You can download a copy of the question and extracts here
Both extracts feature the loss of possessions and while the animals in Animal Farm (AF) themselves get rid of in triumph what are symbols of oppression of them by Jones - ‘bits, nose-rings, the dog-chains’ and ‘reins,..halters..blinkers’ -, the Ransomes lose their possessions - ‘a dinner service, a tea service plus table linen to match..dessert dishes..trifle glasses..cakestands galore’ through burglary, an event which is usually regarded as a calamity. However, like the animals who ‘[sing] Beast of England…seven times running’, Mrs Ransome also ‘[bursts] out singing’ although ‘without quite knowing why’.
The technique of listing the items makes them seem oppressive - which might be expected in AF where Jones’ possessions made possessions of the animals themselves but which also suggests that possessions were a burden to the Ransomes as well. In their case, the items are supposedly ‘necessities’, chosen voluntarily and are as symbolic of the life the couple were expected to lead - having dinner parties and guests and aspiring to a lifestyle that Mrs Ransome clearly was not used to - she has ‘never been able to fathom’ some of the apparent ‘necessities’. While they are beautiful - ‘delicate’ in ‘silver and bone’ - they also symbolise a life that the Ransomes failed to achieve. “They did not have dinner parties.” Their selection seems to have been a submission of the Ransomes identity to social expectations. The possessions are a burden, mere ‘paraphernalia’ that they have ‘transported’ through ‘thirty-two years of marriage’ and the disgust and relief Mrs Ransome feels at their disappearance is shown by Bennett describing their loss as ‘ [being] rid of the lot’, a derogatory description, as if getting ‘rid’ of some pest or other. For both animals and humans, getting rid of possessions is to get rid of an unwanted identity.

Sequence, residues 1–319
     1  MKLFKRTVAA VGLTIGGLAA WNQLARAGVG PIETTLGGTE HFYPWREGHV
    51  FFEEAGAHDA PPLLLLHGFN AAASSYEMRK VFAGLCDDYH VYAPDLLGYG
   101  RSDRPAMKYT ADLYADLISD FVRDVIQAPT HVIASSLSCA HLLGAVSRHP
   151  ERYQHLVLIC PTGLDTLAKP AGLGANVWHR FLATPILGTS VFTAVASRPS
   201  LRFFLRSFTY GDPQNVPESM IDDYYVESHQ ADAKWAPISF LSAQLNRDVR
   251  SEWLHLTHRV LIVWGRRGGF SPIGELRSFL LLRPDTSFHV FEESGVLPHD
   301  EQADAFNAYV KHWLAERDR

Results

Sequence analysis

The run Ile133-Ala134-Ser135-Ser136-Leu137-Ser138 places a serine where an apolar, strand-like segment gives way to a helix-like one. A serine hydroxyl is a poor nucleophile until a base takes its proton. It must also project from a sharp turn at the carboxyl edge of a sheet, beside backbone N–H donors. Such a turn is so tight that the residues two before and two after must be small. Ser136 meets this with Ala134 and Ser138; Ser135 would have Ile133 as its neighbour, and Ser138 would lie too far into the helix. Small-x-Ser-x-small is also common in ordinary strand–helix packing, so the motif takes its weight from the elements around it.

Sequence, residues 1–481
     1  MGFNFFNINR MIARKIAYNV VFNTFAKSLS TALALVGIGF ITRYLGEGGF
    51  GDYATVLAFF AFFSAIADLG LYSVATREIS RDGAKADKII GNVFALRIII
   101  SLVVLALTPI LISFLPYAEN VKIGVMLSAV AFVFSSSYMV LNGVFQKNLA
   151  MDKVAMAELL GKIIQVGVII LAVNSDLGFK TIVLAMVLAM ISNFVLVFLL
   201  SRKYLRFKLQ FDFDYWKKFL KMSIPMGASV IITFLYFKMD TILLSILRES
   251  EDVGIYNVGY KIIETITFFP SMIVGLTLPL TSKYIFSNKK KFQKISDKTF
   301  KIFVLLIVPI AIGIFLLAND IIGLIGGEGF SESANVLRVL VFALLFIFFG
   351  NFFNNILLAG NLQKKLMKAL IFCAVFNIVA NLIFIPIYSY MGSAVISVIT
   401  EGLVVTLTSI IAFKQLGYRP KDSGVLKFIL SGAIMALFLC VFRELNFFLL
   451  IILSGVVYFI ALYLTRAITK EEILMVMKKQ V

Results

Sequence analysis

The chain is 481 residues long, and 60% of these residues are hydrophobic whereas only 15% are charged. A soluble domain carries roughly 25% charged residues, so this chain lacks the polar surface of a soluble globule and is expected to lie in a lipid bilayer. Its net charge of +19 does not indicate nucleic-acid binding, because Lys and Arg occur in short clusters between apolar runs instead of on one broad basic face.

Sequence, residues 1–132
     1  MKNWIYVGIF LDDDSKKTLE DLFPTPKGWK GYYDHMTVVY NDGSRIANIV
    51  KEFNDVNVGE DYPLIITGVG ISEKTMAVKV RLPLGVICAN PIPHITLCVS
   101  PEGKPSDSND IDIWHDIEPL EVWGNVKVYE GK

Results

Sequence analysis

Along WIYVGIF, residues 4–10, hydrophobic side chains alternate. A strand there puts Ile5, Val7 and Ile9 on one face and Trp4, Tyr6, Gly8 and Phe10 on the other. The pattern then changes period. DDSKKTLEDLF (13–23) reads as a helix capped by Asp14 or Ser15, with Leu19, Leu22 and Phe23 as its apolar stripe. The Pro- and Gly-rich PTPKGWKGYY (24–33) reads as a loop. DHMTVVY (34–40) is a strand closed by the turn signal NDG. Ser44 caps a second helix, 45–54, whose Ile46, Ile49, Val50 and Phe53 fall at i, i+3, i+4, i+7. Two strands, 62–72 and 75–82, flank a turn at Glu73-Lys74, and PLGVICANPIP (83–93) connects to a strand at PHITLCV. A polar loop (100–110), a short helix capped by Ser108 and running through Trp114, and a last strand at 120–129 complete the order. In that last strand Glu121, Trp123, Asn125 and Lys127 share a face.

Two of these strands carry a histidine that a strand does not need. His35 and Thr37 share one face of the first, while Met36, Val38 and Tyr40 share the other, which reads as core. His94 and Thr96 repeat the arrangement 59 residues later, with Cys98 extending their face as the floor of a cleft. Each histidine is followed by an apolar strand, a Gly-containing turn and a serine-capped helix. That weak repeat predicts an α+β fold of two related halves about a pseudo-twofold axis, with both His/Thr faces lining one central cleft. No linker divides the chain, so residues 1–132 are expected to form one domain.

The passage from AF also shows the difficulty of applying ideology in a sensible way, which is one of the purposes of Orwell’s fable: He is showing that ideology fails as an infallible guide from the very beginning of the revolution. Snowball decrees that ‘ribbons’ are clothes and that ‘animals should go naked.’ so Boxer burns the hat ‘he wore in summer to keep off flies’ - an item of real utility rather than a mere symbol of oppression, which materially aids him. Mrs Ransome is shown washing up ‘their two cups’ - the basics that are needed and are useful but Boxer (and the other animals) cannot think clearly enough to make distinctions, something which the pigs exploit ruthlessly later on when they gradually begin to re-use Jones’ possessions. The use of Jones’ possessions in Orwell’s fable, of course, turns the pigs literally into humans, showing through apparently harmless animal characters how often material things can be seen to shape identity, and create class and divisions.
You can download a copy of the exemplar answer here